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Displays Graphics Windows Hardware

Windows 8 Has Scaling Issues On High-PPI Displays 171

Posted by timothy
from the to-be-fair-there's-not-much-room-there dept.
crookedvulture writes "High-PPI displays are becoming increasingly popular on tablets and notebooks, but Windows 8 may not be ready for them. On a 13" notebook display with a 1080p resolution, the RTM version of Win8 scales up some desktop UI elements nicely. However, there are serious issues with Metro, which produces tiles and text that are either too small or too large depending on the PPI setting used. That setting, by the way, is a simple on/off switch that tells the OS to 'make everything bigger.' Web browsing is particularly problematic, with Internet Explorer 10 introducing ugly rendering artifacts when scaling pages in both Metro and desktop modes. Clearly, there's work to be done on the OS side to properly support higher pixel densities."
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Windows 8 Has Scaling Issues On High-PPI Displays

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  • by Anonymous Coward on Wednesday September 26, 2012 @02:43PM (#41467053)

    I once worked on hardware rendering with a webkit-based browser, and these kind of issues are very common when you're converting between floating-point layout coordinate and integer screen space.
    Some rendering pipelines make it harder than others to deal with, especially if you can't control the behaviour of non-integer pixels at the edge of images. To fix it, you have to visit all the conversion sites and decide how you want to handle the conversion. It gets especially tricky if you're scaling and stitching images together that you've uploaded as multiple textures to get around maximum texture size issues. Concatenated transformations through composition layers can be tricky too depending on what your graphics API does.

  • by mystikkman (1487801) on Wednesday September 26, 2012 @02:53PM (#41467165)

    Thanks for the typical obligatory karma whoring post full of snark.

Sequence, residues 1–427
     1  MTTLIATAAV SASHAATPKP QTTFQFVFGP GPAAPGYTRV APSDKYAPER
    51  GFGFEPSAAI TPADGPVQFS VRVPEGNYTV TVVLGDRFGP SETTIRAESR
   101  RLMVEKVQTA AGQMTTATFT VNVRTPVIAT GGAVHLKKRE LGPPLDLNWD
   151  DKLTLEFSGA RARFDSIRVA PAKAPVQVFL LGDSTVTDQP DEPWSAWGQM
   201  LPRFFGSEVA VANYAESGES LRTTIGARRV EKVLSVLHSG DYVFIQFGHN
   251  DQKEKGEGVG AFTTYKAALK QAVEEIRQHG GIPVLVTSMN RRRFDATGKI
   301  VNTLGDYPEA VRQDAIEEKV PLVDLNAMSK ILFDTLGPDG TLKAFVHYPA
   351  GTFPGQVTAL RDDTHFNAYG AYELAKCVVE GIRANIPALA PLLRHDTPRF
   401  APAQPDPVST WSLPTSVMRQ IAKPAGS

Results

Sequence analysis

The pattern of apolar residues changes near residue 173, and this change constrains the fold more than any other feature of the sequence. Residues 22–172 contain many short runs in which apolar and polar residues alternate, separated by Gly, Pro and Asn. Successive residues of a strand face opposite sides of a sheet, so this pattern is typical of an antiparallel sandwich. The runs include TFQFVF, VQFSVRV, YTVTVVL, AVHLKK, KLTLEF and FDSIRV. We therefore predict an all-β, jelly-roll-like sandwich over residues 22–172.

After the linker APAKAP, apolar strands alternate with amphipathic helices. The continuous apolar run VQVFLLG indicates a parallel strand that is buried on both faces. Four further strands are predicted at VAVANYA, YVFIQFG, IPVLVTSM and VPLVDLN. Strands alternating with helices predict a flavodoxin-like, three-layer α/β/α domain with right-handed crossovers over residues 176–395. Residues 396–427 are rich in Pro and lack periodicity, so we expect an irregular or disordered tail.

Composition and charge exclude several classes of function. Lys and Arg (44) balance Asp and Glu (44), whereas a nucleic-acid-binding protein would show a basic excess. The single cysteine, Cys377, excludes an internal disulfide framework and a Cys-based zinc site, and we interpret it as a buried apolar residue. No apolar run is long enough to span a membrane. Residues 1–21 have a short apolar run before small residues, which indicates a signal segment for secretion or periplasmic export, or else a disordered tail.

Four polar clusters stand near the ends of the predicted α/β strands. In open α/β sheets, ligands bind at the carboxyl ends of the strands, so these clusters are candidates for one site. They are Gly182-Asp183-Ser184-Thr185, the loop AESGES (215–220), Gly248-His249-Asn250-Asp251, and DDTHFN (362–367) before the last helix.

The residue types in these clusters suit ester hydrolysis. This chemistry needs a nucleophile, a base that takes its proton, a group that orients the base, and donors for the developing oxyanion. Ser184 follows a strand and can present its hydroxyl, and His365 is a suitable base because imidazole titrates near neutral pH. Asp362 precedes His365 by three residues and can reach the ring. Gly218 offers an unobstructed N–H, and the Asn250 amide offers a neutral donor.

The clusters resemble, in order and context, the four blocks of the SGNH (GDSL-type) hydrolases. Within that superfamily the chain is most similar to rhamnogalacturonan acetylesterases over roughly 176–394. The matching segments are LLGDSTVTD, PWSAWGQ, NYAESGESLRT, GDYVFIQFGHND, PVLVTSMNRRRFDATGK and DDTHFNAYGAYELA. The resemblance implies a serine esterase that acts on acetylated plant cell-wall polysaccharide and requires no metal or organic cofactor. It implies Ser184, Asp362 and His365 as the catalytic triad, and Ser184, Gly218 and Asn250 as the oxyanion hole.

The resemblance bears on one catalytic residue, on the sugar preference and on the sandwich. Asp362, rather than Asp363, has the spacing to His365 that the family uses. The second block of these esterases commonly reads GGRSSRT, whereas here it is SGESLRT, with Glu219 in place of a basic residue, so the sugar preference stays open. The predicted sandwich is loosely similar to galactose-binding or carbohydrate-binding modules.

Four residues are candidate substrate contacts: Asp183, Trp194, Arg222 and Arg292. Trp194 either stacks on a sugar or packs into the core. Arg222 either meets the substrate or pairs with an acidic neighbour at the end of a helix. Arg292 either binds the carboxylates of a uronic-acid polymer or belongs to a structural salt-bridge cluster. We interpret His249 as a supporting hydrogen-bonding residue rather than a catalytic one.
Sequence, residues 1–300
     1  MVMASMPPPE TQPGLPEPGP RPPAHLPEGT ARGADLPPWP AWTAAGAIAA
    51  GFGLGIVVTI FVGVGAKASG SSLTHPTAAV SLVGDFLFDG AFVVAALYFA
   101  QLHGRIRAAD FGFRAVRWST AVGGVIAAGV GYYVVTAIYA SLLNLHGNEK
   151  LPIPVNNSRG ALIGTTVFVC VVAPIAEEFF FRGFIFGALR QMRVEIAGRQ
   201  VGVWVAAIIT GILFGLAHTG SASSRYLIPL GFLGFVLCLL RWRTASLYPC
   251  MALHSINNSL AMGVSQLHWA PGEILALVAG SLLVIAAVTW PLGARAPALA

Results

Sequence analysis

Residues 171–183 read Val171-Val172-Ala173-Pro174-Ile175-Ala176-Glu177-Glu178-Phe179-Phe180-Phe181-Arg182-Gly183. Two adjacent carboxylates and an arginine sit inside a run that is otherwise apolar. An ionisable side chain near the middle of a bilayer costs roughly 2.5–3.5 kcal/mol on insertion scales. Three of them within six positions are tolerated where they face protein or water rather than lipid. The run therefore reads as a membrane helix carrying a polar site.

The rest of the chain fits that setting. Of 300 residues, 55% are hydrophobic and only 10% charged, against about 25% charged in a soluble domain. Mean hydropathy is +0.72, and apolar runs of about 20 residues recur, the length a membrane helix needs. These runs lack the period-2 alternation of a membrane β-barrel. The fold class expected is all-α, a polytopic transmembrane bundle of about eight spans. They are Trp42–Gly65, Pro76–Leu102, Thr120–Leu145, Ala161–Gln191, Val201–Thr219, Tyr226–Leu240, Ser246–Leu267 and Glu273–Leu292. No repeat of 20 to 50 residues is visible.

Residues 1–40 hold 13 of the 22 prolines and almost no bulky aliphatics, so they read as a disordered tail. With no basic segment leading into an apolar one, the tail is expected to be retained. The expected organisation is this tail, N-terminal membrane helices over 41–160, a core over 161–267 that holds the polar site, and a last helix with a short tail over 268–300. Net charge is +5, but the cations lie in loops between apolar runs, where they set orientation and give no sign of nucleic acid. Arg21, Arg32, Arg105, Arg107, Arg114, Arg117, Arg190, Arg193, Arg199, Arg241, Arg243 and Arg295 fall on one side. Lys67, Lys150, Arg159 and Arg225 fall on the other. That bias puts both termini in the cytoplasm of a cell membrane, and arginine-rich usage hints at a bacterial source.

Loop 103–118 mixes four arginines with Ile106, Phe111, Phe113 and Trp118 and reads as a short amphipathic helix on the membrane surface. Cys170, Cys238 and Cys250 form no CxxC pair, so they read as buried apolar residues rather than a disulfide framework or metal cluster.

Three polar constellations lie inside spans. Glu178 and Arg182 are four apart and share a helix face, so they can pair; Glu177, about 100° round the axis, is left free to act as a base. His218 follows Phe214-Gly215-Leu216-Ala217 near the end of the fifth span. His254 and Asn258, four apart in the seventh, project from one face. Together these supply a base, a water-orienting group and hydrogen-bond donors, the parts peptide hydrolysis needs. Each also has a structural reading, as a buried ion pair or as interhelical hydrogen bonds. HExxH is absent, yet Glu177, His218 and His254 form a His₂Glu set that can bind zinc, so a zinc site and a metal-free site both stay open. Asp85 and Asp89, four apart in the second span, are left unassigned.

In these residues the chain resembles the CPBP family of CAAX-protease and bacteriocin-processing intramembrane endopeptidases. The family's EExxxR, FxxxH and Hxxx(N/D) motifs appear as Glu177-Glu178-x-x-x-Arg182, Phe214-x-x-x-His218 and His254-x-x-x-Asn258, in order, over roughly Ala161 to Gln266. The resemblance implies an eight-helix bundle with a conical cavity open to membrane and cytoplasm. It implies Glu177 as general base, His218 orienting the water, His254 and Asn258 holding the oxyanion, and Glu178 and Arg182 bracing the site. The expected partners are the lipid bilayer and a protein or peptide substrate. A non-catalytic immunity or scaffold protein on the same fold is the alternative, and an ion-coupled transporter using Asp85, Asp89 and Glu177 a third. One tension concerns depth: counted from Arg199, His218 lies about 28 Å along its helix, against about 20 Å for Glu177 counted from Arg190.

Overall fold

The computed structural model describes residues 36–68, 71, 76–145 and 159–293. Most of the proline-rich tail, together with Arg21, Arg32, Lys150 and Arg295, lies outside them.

Meanwhile, they did figure it out to the extent it can be.

    http://blogs.msdn.com/b/b8/archive/2012/03/21/scaling-to-different-screens.aspx [msdn.com]

    Meanwhile, Apple has similar issues with their retina display:

    http://blog.macsales.com/14111-15-macbook-pro-with-retina-display-lessens-web-experience [macsales.com]
    http://www.robertotoole.com/2012/06/17/macbook-pro-retina-display/ [robertotoole.com]

    Meanwhile, let the anti-MS bashfest continue.

  • by Misagon (1135) on Wednesday September 26, 2012 @03:03PM (#41467317)

    The Metro APIs were designed for web front-end programmers, not people who write for real GUI toolkits. You can build quite competent Metro apps in HTML and Javascript, and if you reach any limits, your web shop could hire a third party to write a module in C# or C++ to work around it.

    The API for web programmers includes also rules that that apps should be made for a finite set of fixed screen sizes. Not resolutions -- screen sizes. Metro was never designed to be scalable.

    This is not only a Windows problem, though. MacOS X on Retina(tm) displays is just as bad, but there the OS draws everything twice as big to begin with and scales down if needed when compositing windows. Apple never cared about hinting anyway, so all controls and labels are just as fuzzy scaled to 125% as always.

  • by Pieroxy (222434) on Wednesday September 26, 2012 @03:30PM (#41467799) Homepage